[JAVASERVERFACES_SPEC_PUBLIC-1146] Required fields can be skipped on form submission Created: 21/Nov/12  Updated: 13/Aug/14

Status: Open
Project: javaserverfaces-spec-public
Component/s: Ajax/JavaScript
Affects Version/s: 2.1, 2.2
Fix Version/s: None

Type: Improvement Priority: Minor
Reporter: frederickkaempfer Assignee: Unassigned
Resolution: Unresolved Votes: 2
Labels: None
Remaining Estimate: Not Specified
Time Spent: Not Specified
Original Estimate: Not Specified

Attachments: File requiredValidation.tar.bz2    

 Description   

With JSF2's ajax features it is possible to specify a list of execute ids that should be considered on ajax form submission. With jsf.ajax.request the execute ids can be specified solely on the client side. This may cause problems when fields are set to required and the action method of - for example - a command button relies on them being filled out. Skipping them may lead to invalid data being saved in a database.

Similarly other fields can be skipped that would require a minimum length or other validations not allowing for empty values.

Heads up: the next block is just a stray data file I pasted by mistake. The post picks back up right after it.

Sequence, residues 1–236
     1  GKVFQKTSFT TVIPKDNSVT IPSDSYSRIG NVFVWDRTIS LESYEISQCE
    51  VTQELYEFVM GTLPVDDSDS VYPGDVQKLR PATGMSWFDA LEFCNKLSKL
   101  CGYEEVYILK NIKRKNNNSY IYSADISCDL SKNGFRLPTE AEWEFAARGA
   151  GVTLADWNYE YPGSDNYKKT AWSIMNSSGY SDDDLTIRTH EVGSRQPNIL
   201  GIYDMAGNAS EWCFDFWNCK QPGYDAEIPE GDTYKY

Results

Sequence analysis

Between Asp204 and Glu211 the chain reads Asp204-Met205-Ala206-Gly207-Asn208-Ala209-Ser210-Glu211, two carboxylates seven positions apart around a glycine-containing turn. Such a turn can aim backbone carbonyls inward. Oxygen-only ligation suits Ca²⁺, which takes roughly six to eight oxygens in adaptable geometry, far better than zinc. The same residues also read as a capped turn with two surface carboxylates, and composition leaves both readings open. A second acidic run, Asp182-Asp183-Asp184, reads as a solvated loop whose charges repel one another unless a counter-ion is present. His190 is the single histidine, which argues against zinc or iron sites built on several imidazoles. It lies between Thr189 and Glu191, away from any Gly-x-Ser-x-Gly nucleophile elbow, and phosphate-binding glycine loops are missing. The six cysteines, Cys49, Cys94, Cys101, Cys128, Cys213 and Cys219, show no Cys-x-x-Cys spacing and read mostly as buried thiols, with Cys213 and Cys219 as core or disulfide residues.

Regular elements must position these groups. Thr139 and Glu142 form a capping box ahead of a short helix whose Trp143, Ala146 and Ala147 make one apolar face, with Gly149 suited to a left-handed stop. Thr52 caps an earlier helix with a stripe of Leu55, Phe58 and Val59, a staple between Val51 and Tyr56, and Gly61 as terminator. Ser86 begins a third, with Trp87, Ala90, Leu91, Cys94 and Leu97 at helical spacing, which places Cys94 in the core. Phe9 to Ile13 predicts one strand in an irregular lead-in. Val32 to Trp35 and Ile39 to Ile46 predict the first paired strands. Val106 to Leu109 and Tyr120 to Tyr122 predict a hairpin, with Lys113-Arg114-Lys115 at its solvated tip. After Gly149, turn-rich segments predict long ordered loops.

This is not limited to the ajax case, because every command component can be executed in ajax mode by using the jsf.ajax.request function on the client side.

JSF should provide a way to enforce the presence of fields on a partial request before executing a button's action method. This could be done by checking if the current ajax request is really triggered by one of the f:ajax tags attached to the command object by comparing the execute ids. To enable this behavior for example a "strictAjax" attribute could be added to h:commandButton / h:commandLink and similar components or a new tag f:strictAjax could be created.

A workaround is to verify the execute ids in the action method (FacesContext.getCurrentInstance().getPartialViewContext().getExecuteIds().contains("requiredForm").

I have attached a project that demonstrates the issue.



 Comments   
Comment by Ed Burns [ 21/Nov/12 ]

Before I invest the time to fully understand this, can you take a look at JAVASERVERFACES_SPEC_PUBLIC-1129 and see if it is related?

Ed

Comment by frederickkaempfer [ 21/Nov/12 ]

It is unrelated. This is a pure security/data integrity concern where JSF gives the client a bit too much control over the execution of the lifecycle.

Comment by kithouna [ 05/Mar/13 ]

This sounds a bit like the reverse of Rail's mass assignment vulnerability. Instead of blindly accepting data from input that was not rendered, this doesn't bark when data that should be there is not provided?

Comment by Ed Burns [ 01/Aug/14 ]

Set priority to baseline ahead of JSF 2.3 triage. Priorities will be assigned accurately after this exercise.

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